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The Faces of Love and Sex

The Love World

The Sexual Stage

Sex and The senses

Common Sex Positions

Variations - Standard and Exotic

Other Entry Ports

Rhythm and Release

Love Songs

Love Machines and Love Potions


Sexual insight and Destiny:  Finding New Fulfillment Afterword

The Faces Of Love And Sex

Her arms do lend his neck a sweet embrace; incorporate
Then they seem; face grows to face.
William Shakespeare, Venus and Adonis

the sexual stage Act May be described from a Myriad of different perspectives, ranging from the sublimely poetic to the coldly clinical. The poet may seek to convey its ecstasy, emphasizing the emotional coloration of the act. The scientist's approach may be a detached, abstractly biological one, stressing the genetic, the physiological`, the anatomical, or the neurological aspects of sex. Others may be interested in statistical overviews, searching for behavioral norms; like Kinsey, they may conduct interviews and surveys to determine how many people prefer particular sexual activities and how often they indulge in them. Cross-cultural anthropological studies, such as Margaret Mead and Brsonislaw Malinowski's essays on the peoples of primitive (Stone Age) cultures, seek to make clear the relationship among sexual practices, temperament, and the broad structure of particular societies. The anthropological and the poetic may be combined, as in Paolo Mantegazza's pioneering 1885 work The Sexual Relations of Mankind.

Mantegazza's work made him in a sex sense one of the founders of the modern field of sexology. Other major founding figures, writing at the turn of the century, were Richard von Kraft-Ebing, Albert Moll, Have lock Ellis, and Magnus Hirschfeld. Greatly influenced by the Darwinian theory of evolution, they viewed impotence, premature ejaculation, and sexual "deviations' as evidence of a constitutional weakness associated with hereditary degeneration. They believed degeneration to have been caused by alcoholism or - in true Victorian style - excessive masturbation ! Eventually this basically biological and theoretically rather hazy approach to sexuality gave way to other more comprehensive and subtle concepts.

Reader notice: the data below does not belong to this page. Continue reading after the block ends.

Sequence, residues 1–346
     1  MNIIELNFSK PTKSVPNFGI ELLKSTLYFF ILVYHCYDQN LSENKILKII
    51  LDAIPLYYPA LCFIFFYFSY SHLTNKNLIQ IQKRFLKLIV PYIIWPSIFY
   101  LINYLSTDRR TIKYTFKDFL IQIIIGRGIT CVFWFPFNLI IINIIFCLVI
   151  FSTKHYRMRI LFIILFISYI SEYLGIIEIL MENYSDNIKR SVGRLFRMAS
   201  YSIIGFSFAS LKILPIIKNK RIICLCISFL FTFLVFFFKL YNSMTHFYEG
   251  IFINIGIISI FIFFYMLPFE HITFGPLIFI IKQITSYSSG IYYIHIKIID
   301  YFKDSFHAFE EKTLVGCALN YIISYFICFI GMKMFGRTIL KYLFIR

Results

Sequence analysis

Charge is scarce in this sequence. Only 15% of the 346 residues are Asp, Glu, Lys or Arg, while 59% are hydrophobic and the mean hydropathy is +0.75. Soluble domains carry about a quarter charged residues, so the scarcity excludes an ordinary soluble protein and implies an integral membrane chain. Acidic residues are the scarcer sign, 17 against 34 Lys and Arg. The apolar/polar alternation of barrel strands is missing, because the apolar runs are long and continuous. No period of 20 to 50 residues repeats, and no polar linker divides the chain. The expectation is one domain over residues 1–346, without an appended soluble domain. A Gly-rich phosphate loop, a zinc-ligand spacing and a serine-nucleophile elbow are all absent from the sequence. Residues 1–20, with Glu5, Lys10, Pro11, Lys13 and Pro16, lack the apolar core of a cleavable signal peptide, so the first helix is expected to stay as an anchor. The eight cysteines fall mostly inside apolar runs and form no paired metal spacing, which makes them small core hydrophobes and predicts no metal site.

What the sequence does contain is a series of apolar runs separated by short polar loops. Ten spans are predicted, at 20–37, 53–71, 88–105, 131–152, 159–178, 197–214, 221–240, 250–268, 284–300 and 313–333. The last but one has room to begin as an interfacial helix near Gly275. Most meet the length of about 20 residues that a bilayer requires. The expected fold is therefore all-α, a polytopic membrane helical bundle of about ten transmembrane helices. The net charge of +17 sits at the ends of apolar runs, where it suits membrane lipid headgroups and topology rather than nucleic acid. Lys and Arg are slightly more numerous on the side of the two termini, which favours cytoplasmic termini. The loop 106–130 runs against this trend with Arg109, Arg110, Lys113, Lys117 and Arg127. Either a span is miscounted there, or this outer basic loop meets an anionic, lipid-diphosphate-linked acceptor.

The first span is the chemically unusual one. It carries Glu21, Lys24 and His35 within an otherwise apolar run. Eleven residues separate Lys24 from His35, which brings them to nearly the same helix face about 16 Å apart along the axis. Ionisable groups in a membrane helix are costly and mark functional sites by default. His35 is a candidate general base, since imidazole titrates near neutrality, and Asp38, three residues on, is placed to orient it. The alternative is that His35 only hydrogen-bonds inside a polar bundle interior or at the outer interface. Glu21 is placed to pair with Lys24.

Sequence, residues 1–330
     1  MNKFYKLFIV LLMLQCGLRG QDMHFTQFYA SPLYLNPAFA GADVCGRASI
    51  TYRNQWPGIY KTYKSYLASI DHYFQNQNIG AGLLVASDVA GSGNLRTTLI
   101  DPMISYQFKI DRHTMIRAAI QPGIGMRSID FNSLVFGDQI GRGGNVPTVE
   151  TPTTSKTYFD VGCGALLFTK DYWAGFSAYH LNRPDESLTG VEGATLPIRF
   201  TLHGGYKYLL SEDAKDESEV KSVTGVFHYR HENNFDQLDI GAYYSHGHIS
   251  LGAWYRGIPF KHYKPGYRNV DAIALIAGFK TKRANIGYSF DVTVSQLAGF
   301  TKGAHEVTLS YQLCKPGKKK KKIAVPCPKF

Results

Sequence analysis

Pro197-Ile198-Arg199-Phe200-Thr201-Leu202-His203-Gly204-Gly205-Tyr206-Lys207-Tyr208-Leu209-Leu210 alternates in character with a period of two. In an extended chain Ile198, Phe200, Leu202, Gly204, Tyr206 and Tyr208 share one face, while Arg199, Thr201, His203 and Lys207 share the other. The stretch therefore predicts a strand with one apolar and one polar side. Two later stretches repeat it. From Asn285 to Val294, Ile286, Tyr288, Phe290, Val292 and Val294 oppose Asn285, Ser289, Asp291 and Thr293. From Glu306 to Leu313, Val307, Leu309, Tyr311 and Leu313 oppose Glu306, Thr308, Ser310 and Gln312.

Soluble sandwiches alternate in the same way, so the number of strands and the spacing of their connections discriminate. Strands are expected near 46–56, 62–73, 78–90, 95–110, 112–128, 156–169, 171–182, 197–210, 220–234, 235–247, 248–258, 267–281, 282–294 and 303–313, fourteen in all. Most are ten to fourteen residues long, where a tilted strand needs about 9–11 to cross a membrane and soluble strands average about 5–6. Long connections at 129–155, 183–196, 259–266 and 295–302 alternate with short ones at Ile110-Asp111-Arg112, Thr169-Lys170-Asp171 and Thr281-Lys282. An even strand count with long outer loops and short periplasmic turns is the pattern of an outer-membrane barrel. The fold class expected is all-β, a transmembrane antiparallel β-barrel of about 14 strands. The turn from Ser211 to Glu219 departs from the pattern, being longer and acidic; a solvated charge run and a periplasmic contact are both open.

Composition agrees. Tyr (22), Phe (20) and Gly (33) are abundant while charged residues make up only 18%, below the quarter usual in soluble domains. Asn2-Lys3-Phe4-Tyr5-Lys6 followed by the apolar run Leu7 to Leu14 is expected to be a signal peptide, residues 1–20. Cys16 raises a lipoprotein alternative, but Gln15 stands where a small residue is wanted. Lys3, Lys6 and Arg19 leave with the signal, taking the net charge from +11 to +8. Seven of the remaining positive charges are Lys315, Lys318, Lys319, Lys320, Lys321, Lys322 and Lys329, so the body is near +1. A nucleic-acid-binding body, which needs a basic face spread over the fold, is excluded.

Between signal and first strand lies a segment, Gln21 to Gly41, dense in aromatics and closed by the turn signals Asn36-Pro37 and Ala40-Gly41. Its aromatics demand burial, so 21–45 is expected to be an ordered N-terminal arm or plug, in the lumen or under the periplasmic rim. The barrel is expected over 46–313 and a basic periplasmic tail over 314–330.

The Freudian psychoanalytic approach focused more directly on the individual's particular life history, although there were still some constitutional elements involved. In the Freudian approach the individual's sexual insight and destiny was dominated by an underlying sexual drive. This drive was believed to be fueled by biological energies and shaped by the vicissitudes of psychic development existing in successive stages of oral, anal, and genital fixation. While Freud, through his brilliant insights, succeeded in dispelling many myths about sexuality, he also created some of his own- such as the idea that women were innately passive. Later psychoanalytic thinkers revised Freud's approaches to love and sexuality, producing such classics as Erich Fromm's The Art of Loving and the works of Theodore Reik and Medard Boss.

Recently Masters and Johnson have given us the clearest understanding yet of the realities of physical sexual response through a hoist of clinical laboratory investigations. Their techniques for combating sexual dysfunction have been combined with a stress on the importance of communications between partners and how these can influence sexual performance.

Because human sexuality is so immensely complex, it can be validly approached from many angles. The biologist speaks of hormones and erectile tissue, the anthropologist of cultural determinants, and the poet of love. But how does each of us as an individual experience this complexity? Each of us is a biological entity, each of us comes from a particular cultural background, and each of us seeks love. All these factors enter into the totality of sex. sex and love do not in actuality exist in isolation from one another but are related, as a drop of water is to rain. We can analyze the properties of a drop of water, defining its chemical makeup, yet this will give us no insight into the palpable experience of being caught in a spring shower, nor explain why rain gives us pleasure on one occasion and irritates us on another. Similarly, an analysis of the congestion of the pelvic blood vessels during intercourse cannot convey anything about the experiencing of sexual ecstasy or enlighten us as to why coitus with a beloved partner gives us a joy we fail to discover with a casual pickup.

In this book I shall be viewing human sexuality within my own very special framework, the phenomenological approach. To help in understanding this point of view, let us look first at an example from a nonsexual area. Suppose that a person is suffering from a sprained back. To the doctor who treats this back pain, it is the muscular, ligamentous, and bony structures of the back that are paramount. On the basis of his experience and his knowledge of orthopedics, the physician will determine the advisability of a back brace or make a judgment that exercise, and the application of heat and massage will be sufficient. But for the experiencing individual, the suffering person with sprained back, there is an additional dimension- what a back injury actually means in terms of one's life. Every time an attempt is made to stand up and walk there will be tension and pain. Upon getting out of bed in the morning, the person may find it takes an hour or two before it is possible to stand fully erect. Only small steps can be taken when walking. Thus, the ability to move about in life is curtailed. Phenomenologically, the ongoing movement of one's very existence has been hobbled.